You Can't Change James Bond, But You Can Replace 007

by Michael Satterfield - Updated 06/03/2022

There has been a lot of talk about how the next James Bond needs to be a woman or a person of color, while I understand the want for characters to reflect different demographics, with a character like James Bond it simply can't be done. An opinion piece from screenwriter Bruce Feristein that ran in The Washington Post declared that "of course" it was time for a black James Bond. What is should have read was, it was time for a black 007.

This whole debate seemed to boil up after a Twitter storm calling for Idris Elba to be the next James Bond back in 2018. When the latest film No Time to Die was on the horizon, online commentators again began to call for a fundamental change to the franchise. Mainly upset that Bond was "too white and male" many on Twitter were demanding a more intersectional Bond. Even actor Ralph Fiennes, who currently plays M, received backlash for suggesting that Bond should remain true to the original character telling BBC Newsnight: "I'd like to see a great black actor inhabit a Bond-like persona, but not necessarily have it be in the same franchise. I think we remake the idea of a Bond as a woman, or as an actor of any ethnicity in another vehicle."

Perhaps the most bizarre argument made by many of the Twitterati is the "Code Name Theory" that James Bond is a code name. If that was the case Bond wouldn't need a code name of 007. This theory mostly comes from people assuming that a different actor means that a Bond is actually a different person. However, throughout the films, the storylines do intersect such as Roger Moore's Bond visiting Tracy Bond's grave, etc... As usual with Twitter, anyone who pushed back against the idea of a different version of Bond was immediately declared to be a racist or anti-woman. But outside of the political passions and the quest for reTweets, suggesting that Idris Elba being cast as James Bond is like campaigning for Vince Vaughn to be the next Shaft. Cast Idris Elba as 007, that is a totally different proposition and no, it's not just semantics.

First I don't believe that most Bond fans are inherently racist and if an incredible actor like Idris Elba was cast as Bond it would still be a blockbuster success, I would still go to see it, however, based on his current age it would be a little late to start a Bond series. Secondly from the perspective of art, Ian Fleming created a character with an identity and history that are pivotal to who James Bond is as a character. I know that many people may not be as versed in the fictional universe of Bond, but as a fan of the series and collector of the books, I will give you a brief overview of who James Bond is based on Fleming's original works and what is considered Bond canon.

James Bond is born in Zurich, Switzerland, to a Scottish father, Andrew Bond, of Glencoe, and a Swiss mother, Monique Delacroix, of Canton de Vaud. His father worked for Vickers Armaments Company and was a Captain in the Royal Navy during the First World War. The fictional Andrew Bond is a descendant of Sir Thomas Bond, 1st Baronet (a real historical figure from the 1600s). It is from Sir Thomas that the Bond family motto "Orbis non-sufficient" or "The World is Not Enough" is derived. This motto makes its first appearance in On Her Majesty's Secret Service and was the title for the Bond film The World Is Not Enough. Bond Street, Westminster in London is named for Sir Thomas Bond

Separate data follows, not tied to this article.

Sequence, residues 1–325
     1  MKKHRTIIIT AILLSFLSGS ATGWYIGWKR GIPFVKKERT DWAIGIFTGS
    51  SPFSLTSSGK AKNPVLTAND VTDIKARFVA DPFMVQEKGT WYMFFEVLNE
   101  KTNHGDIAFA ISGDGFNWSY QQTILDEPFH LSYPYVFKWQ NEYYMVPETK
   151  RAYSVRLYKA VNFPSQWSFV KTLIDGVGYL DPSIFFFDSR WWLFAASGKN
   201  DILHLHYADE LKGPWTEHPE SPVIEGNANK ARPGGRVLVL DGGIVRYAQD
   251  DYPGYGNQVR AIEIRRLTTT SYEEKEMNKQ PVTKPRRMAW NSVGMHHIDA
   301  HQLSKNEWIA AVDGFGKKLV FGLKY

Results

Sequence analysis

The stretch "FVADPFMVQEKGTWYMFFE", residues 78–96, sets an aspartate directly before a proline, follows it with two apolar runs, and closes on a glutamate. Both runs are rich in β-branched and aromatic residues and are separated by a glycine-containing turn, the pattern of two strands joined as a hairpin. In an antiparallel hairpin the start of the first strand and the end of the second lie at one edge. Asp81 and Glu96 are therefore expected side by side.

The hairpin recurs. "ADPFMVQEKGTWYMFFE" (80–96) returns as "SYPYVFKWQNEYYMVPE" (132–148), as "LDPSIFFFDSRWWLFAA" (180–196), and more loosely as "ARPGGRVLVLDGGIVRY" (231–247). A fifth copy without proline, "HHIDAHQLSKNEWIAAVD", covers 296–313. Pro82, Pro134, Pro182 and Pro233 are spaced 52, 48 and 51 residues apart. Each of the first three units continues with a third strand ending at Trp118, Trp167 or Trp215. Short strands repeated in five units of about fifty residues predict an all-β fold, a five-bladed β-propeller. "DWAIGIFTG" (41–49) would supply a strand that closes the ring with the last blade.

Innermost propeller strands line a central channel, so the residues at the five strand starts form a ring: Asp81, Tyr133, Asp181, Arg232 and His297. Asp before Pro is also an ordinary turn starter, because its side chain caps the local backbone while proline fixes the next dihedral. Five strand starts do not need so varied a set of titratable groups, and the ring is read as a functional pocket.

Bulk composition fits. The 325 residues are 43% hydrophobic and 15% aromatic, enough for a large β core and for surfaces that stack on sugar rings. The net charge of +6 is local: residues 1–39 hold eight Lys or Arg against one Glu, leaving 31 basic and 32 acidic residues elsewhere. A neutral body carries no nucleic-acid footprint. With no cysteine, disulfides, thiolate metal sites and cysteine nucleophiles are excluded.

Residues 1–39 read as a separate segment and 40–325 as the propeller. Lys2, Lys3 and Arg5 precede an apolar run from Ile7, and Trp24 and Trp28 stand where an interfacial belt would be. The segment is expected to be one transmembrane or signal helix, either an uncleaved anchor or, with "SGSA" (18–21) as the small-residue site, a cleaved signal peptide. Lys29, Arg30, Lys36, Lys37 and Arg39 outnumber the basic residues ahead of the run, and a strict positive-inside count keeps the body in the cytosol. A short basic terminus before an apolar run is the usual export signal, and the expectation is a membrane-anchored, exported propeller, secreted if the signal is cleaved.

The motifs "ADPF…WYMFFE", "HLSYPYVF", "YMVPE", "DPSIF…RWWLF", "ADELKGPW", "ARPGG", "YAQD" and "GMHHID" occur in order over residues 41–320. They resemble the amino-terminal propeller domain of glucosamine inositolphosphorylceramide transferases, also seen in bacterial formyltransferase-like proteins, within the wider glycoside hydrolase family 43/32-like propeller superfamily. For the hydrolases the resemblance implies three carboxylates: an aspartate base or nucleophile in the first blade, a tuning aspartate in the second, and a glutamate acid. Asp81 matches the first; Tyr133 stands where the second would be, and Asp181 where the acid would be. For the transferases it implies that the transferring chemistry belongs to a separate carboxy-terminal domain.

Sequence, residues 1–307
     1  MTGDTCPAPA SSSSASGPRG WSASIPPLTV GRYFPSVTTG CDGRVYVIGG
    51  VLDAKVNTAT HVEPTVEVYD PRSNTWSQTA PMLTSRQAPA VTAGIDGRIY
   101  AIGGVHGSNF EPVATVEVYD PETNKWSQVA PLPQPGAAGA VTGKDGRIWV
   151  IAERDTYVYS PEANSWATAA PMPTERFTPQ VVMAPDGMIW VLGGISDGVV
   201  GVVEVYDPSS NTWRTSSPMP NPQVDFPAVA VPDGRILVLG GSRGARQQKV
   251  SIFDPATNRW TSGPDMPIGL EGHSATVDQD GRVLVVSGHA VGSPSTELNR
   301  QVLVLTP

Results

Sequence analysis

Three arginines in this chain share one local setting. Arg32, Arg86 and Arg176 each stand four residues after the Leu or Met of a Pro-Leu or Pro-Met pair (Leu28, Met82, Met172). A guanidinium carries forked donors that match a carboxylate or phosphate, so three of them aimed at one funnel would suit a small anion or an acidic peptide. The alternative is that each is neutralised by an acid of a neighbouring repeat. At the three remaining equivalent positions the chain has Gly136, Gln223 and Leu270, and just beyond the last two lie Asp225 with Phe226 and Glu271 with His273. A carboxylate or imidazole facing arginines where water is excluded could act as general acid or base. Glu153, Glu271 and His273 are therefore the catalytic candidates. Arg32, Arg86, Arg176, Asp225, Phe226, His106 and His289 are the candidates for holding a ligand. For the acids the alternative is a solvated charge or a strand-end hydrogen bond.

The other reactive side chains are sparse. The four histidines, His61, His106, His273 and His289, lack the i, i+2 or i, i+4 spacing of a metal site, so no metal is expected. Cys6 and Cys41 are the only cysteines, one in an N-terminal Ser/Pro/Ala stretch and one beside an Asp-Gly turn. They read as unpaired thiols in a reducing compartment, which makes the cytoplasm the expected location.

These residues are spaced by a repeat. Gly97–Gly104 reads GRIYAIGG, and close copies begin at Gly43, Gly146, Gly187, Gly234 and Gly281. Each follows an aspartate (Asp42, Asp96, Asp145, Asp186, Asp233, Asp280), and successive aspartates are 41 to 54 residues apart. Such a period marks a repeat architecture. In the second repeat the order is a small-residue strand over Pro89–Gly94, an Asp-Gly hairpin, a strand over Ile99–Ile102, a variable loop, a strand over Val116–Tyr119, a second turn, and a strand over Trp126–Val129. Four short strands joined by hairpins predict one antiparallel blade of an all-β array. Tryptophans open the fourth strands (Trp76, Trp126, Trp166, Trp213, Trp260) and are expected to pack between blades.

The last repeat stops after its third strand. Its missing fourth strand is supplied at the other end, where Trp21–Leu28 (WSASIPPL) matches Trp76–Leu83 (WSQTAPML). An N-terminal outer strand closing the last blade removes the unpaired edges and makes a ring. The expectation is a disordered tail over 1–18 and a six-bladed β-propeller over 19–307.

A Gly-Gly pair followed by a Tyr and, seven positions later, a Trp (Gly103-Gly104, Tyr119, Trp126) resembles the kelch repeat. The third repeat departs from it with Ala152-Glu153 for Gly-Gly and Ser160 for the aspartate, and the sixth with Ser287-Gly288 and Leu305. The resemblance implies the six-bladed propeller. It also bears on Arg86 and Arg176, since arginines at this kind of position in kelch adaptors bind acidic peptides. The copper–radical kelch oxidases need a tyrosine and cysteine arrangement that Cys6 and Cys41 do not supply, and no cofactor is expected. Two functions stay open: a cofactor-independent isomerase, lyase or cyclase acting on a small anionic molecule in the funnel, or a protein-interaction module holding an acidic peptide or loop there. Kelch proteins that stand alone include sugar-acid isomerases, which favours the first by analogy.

As a boy Bond traveled to Europe with his parents and learned to speak German and French. When James was 11 years old his parents were killed in a mountain climbing accident. After his parent's death Bond is raised by his aunt, Charmian Bond in the English village of Pett Bottom. The family estate, Skyfall, is looked after by the gamekeeper we know only as Kincade.

James attends Eton College, but runs into trouble and is sent to Fettes College in Scottland, the same school his father attended (this is a real private boarding school in Scottland). At 16, Bond makes his first trip to Paris where he loses his virginity, he then briefly attends the University of Geneva where he goes on ski holidays in Kitzbühel. He takes ski lessons from Hannes Oberhauser, who becomes a bit of a father figure to Bond (in the Daniel Craig timeline Hannes Oberhauser is the father of Franz Oberhauser, Bond's foster brother who would become his nemesis Ernst Stavro Blofeld)After university, James joins the Royal Navy Volunteer Reserve and by the end of the war (WWII) has risen to the rank of commander. Bond then applies for the Secret Service and quickly rises to the rank of principal officer. We also know that at some point during his service he was knighted making him Sir. James Bond in the Companion of the Order of St. Michael and St. George.

Bond lives in an upper-middle-class flat off the King's Road in Chelsea, London. He has a Scottish housekeeper named May who keeps the place up since he is so often gone for months at a time. As a government employee Bond makes just under $70,000 a year, but apparently has family money, and he takes full advantage of his unlimited expense account while on assignment.